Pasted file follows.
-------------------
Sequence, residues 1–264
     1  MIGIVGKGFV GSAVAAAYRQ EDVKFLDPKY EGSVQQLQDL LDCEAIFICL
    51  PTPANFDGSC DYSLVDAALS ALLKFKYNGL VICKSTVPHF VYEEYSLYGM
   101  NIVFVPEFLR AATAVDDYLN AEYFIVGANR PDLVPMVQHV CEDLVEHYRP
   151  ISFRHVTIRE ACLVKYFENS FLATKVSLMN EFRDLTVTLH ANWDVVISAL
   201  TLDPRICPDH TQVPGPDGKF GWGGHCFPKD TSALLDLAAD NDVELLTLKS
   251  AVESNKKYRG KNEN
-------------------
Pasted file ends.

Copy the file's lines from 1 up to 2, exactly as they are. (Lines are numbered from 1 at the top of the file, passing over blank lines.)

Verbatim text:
Sequence, residues 1–264
     1  MIGIVGKGFV GSAVAAAYRQ EDVKFLDPKY EGSVQQLQDL LDCEAIFICL